JEFFERSON CITY — Last week, the Missouri House passed its version of the state's budget — a culmination of nearly two months of debate and revision to Gov. Eric Greitens' initial proposal. By the end of the week, Senate Appropriations Chair Sen. Dan Brown, R-Rolla, was already pointing out potential changes he and his colleagues in the Senate will make in a series of meetings this week.
The following Tuesday, Senate appropriations met at 8:30 a.m. to begin that process.
Such is the meticulous process of creating Missouri's $27 billion spending blueprint. The budget evolves at each stage of the process. But what can't and will not change, though, are two things: There must be nearly half a billion in cuts from current spending levels, and it has to be on Greitens' desk by May 5.
The budget has come a long way. Its earliest iteration was just two pages. Near the bottom of the page, printed in bold, was the number that has driven months of cuts and deliberations included in the now several hundred page budget. The line read "ending cash balance," and to its right was the figure: -$456,355,126 — the projected deficit Missouri was facing in the coming year.
Slow revenue growth and rising health costs have wreaked havoc on Missouri's budget. And though revenues have risen in the few months since that original deficit number was released, Missouri is still facing a shortage. In each budget hearing and floor debate, the spirit of the bolded number still drives each and every conversation.
In February, almost a month later than is traditional, Greitens released his budget. That original bleak report could be felt through the 9 percent core budget cut to universities; the loss of 188 state jobs; the $36 million cut from K-12 transportation; the $52 million cut to in-home nursing care for seniors.
In his budget announcement in Nixa, Missouri, Greitens characterized the cuts as necessary, blaming politicians and special interests for the budget situation enumerated on those first two pages.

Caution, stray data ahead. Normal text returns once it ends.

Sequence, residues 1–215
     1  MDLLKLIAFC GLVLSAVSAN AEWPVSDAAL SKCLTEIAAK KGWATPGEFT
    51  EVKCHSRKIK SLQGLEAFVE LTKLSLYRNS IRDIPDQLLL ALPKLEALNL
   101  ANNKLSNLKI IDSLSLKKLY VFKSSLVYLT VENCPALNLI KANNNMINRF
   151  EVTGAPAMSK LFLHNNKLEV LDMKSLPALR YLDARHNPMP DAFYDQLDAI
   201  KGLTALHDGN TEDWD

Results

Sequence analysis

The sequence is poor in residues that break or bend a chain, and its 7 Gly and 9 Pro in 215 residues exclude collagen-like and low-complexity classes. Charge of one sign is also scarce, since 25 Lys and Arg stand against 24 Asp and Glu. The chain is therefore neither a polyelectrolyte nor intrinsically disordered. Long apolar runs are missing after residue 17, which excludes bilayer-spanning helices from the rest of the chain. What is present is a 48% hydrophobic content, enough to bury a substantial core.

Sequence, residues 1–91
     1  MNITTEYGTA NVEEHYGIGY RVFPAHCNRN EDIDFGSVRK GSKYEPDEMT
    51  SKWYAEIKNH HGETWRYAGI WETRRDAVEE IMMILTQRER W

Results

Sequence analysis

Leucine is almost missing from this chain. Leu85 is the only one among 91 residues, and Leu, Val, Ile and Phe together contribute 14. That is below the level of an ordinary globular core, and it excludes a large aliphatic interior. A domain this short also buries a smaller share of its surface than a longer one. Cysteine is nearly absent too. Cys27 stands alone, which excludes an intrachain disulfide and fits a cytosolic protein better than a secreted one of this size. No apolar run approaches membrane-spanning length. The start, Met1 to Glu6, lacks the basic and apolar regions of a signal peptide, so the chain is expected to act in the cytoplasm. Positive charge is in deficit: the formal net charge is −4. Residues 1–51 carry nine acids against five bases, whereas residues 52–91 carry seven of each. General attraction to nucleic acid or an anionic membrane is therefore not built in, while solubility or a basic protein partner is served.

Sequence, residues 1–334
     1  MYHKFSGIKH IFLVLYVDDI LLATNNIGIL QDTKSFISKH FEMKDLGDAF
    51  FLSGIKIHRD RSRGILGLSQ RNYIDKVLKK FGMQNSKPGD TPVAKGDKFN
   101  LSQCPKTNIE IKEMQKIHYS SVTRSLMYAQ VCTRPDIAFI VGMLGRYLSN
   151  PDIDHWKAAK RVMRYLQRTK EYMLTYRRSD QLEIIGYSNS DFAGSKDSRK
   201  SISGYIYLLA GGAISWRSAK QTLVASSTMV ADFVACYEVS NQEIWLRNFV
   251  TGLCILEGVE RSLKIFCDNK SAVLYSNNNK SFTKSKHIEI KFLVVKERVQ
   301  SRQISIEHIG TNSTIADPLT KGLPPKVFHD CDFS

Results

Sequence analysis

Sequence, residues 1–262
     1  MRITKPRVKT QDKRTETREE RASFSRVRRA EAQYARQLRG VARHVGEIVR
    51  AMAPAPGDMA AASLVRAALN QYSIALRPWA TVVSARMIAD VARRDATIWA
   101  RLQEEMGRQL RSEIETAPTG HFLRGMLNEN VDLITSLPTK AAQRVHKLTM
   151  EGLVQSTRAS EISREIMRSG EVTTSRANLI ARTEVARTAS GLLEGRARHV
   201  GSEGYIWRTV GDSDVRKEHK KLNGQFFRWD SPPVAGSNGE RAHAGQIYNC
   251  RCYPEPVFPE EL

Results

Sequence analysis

"Too often, people in government forget who they serve," he said. "Career politicians often talk about what they want and forget about what the people need. Too often, politicians believe the taxpayer money is their money, doling it out to special interests."
Since receiving the governor's budget two months ago, the House budget committee and subcommittees have poured hundreds of hours into crafting the budget. The committee version was then sent to the full floor last week, where tweaks were made before the budget was voted out of the Missouri House on Thursday.
Unlike on the federal level, Missouri has a constitutional requirement that the budget be balanced, meaning expenditures may not exceed revenues. Because of this, the governor's budget and the House budget totals do not significantly differ. As of now, the two budgets are $24.6 million apart, and the House Budget Chairman, Rep. Scott Fitzpatrick, R-Shell Knob, expects the final version and the governor's budget to differ by only about $10 million.
Because of this requirement, any differences between the budget drafts means that another program has to be sacrificed.